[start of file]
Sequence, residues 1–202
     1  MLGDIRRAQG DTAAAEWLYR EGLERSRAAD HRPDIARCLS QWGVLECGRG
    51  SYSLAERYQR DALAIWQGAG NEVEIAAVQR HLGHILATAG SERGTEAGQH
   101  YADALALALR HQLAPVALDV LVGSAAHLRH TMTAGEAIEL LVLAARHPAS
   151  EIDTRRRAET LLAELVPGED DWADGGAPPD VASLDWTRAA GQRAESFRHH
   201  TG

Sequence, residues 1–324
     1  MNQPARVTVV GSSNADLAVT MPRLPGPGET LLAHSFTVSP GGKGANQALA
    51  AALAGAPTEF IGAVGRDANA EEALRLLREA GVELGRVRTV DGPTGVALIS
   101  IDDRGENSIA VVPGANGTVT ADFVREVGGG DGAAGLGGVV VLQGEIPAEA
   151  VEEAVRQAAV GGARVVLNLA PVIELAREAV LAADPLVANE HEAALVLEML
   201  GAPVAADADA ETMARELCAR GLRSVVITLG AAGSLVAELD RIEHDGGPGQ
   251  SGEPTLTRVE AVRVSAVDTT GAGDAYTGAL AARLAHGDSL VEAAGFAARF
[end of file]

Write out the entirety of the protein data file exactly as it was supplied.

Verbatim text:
Sequence, residues 1–202
     1  MLGDIRRAQG DTAAAEWLYR EGLERSRAAD HRPDIARCLS QWGVLECGRG
    51  SYSLAERYQR DALAIWQGAG NEVEIAAVQR HLGHILATAG SERGTEAGQH
   101  YADALALALR HQLAPVALDV LVGSAAHLRH TMTAGEAIEL LVLAARHPAS
   151  EIDTRRRAET LLAELVPGED DWADGGAPPD VASLDWTRAA GQRAESFRHH
   201  TG

Sequence, residues 1–324
     1  MNQPARVTVV GSSNADLAVT MPRLPGPGET LLAHSFTVSP GGKGANQALA
    51  AALAGAPTEF IGAVGRDANA EEALRLLREA GVELGRVRTV DGPTGVALIS
   101  IDDRGENSIA VVPGANGTVT ADFVREVGGG DGAAGLGGVV VLQGEIPAEA
   151  VEEAVRQAAV GGARVVLNLA PVIELAREAV LAADPLVANE HEAALVLEML
   201  GAPVAADADA ETMARELCAR GLRSVVITLG AAGSLVAELD RIEHDGGPGQ
   251  SGEPTLTRVE AVRVSAVDTT GAGDAYTGAL AARLAHGDSL VEAAGFAARF